As "An Excel User in a Cubed Kingdom" I’m starting my exploration of this new found land with a simple question: what is an OLAP cube? In plain English, please…
I like this simple, non-technical definition: a cube is a set of predefined answers. It’s up to you to select the right questions.
OK, let’s detail this.
Imagine that you have a very large database with the usual business data: orders, customers, sales representatives… Now you want to know how much a customer category ordered over the last year. You query the database and you get the answer. Then you want monthly sales. Query it again. Dig a little deeper to see what products that category ordered. Query it once more.
What is happening behind the curtain? Each time you enter a new query the system looks at each transaction (or a subset) and performs the necessary calculations to answer your query. You’ll get your answers, but it will be painfully slow: depending on your query and the database size, it may take hours. It is not an option.
But you don’t really need to see each individual order, do you? If you only need to know monthly sales, why should your system go through each transaction? If you pre-aggregate that data, you’ll get your answers much, much, faster, because there aren’t five million records, just 100.000. You’ll be able to actually work, instead of staring at your monitor, waiting for an answer.
This is what a cube does. It provides faster answers by eliminating the unnecessary detail for the task at hand. You shouldn’t look at a cube as an unique, condensed version of the database. While you have a virtually infinite number of questions that the database can answer, a cube focus on providing answers to a small set of questions. That’s why you can have different cubes (marketing, fin, sales), all of them getting data from the same source. They all answer different sets of questions.
When designing a cube (it’s your job, not IT’s), resist the temptation of a one-size-fits-all cube. Clearly define a coherent set of questions for your fundamental business needs and make sure they are answered once the cube becomes available.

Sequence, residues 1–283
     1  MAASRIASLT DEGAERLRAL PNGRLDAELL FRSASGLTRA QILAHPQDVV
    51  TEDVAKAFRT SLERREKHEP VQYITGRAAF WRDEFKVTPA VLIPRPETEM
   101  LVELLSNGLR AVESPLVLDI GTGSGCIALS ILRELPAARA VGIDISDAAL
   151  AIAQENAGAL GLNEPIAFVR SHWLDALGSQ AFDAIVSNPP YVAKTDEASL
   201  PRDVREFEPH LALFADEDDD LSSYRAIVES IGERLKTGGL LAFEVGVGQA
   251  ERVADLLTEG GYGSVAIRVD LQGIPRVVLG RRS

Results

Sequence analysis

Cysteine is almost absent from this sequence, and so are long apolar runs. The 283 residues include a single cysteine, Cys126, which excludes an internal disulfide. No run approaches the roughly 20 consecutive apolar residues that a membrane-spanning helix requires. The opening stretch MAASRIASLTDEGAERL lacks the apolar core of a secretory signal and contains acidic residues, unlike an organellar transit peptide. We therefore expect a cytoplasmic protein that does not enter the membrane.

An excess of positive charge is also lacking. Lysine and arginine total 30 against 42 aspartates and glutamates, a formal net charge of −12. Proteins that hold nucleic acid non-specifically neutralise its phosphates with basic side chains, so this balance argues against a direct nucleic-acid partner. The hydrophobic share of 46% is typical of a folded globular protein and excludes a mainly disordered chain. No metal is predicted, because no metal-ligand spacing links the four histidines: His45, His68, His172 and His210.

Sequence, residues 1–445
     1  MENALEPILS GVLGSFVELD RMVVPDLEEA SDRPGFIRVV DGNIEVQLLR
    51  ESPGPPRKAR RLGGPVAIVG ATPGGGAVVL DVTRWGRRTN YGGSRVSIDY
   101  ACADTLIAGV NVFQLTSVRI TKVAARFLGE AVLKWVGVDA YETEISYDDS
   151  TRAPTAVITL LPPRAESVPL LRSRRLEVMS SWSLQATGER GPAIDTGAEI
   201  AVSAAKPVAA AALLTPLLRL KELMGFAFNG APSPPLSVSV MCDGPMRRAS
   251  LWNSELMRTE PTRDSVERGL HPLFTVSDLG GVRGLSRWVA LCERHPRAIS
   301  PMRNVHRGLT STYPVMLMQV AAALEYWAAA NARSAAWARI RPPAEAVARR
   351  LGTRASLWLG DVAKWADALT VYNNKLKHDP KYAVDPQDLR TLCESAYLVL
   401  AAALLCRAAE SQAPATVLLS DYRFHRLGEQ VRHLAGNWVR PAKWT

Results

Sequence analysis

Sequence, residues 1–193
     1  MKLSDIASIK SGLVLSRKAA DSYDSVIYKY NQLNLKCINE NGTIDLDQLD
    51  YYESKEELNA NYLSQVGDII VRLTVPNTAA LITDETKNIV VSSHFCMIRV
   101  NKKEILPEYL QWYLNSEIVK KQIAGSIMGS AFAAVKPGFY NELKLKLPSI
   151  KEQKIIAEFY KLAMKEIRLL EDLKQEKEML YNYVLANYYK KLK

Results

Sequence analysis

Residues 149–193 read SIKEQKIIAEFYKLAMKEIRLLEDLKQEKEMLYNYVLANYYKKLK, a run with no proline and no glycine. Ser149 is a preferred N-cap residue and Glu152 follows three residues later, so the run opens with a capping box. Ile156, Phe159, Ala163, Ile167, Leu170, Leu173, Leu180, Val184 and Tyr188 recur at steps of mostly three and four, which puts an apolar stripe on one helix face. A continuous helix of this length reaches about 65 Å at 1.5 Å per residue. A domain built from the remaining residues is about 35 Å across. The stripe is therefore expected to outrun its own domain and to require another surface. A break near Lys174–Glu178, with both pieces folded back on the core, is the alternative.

If you are exploring your data you will not want to wait one hour each time you make a change. On the other end, a fast cube with no data to explore is useless. There is a fine balance between maximum flexibility and maximum performance.
An OLAP cube not only ensures that you retrieve the right data from the database but also allows you to explore it efficiently. Two good reasons to add OLAP cubes to your toolbox.
Next time we’ll see how plain English can describe the structure of a basic OLAP cube.
7 Replies to “So, what’s an OLAP Cube, anyway?”
I started this same journey 5 years ago and I was confused because I was coming from the world of databases and datasets that are suppose to be efficient by avoiding as much as possible redundancy and being design to be easily updateable. So from the prospective of someone that was trying to understand OLAP and hit some rocks I suggest you make sure to mention: OLAP is more efficient in analysis speed (hence the name) but in terms of data redundancy there are lots of data repetition. On the other hand its brother OLTP is efficient in terms of data entry and avoiding redundancy (is meant for transactions) but as you mentioned, is not optimized for analysis. I mention this because you said “condensed version of dataset” and sometimes, when exploring the underlying dataset of a cube you see a lot of repetition, which is counterintuitive.